Basic rule of thumb: the wider the vessel, the longer the paddle. The longer the paddler’s torso, the longer the paddle.
Due to the number of variables involved, first-time kayakers are strongly recommended to visit a Rays store prior to making a purchase and spend time discussing options with a friendly Rays staff member.
Adjustability: The ability to change the length of your paddle is handy when moving from a flatwater to whitewater environment. As a result, adjustable paddles are preferred by beginners, however it’s worth noting the adjustable mechanism may introduce an added point of weakness to the product and it thereby may not be expected to last as long as a fixed-length paddle.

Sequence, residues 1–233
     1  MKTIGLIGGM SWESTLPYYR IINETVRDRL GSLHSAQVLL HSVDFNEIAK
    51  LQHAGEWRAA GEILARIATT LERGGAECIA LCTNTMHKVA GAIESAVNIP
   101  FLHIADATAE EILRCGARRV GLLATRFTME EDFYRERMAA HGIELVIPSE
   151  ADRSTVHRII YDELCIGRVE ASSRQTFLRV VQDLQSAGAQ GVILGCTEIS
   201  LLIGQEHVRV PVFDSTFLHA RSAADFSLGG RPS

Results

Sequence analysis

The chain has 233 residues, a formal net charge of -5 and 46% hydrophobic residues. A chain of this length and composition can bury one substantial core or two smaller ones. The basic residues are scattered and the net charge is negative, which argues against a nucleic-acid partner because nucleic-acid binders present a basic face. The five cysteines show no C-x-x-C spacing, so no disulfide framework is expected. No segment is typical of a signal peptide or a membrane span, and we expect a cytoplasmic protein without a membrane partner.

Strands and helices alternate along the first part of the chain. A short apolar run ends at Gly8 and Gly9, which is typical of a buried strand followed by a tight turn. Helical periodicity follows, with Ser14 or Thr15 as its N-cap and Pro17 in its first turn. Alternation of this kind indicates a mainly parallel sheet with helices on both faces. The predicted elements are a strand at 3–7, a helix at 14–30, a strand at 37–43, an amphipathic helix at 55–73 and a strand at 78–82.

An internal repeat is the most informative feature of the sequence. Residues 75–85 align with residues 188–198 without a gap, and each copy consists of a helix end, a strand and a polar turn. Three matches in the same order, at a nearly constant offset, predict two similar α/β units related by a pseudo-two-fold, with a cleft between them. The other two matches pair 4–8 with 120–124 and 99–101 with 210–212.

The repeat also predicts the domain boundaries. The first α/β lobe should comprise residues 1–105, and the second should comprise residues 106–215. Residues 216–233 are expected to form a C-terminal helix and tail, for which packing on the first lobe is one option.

Carbon fibre or aluminium: These are the two main materials used to construct paddles. Carbon fibre is the more popular option as they’re considerably lighter for their strength. On the other hand, aluminium paddles are generally more durable if you’re willing to put up with the additional weight.
There are any number of products you may consider purchasing alongside your kayak and paddle, depending on your intended use.
Spray deck: This accessory is worn around the paddler’s waist and drawn over the lip of the cockpit to prevent excess water getting inside the vessel. First-time paddlers may experience a moment of panic the first few times they panic, as you need to unhook your spray deck from the kayak before you’re able to escape. This is usually considered part of any paddling basics course, and all beginners are encouraged to seek this training before going out on their own.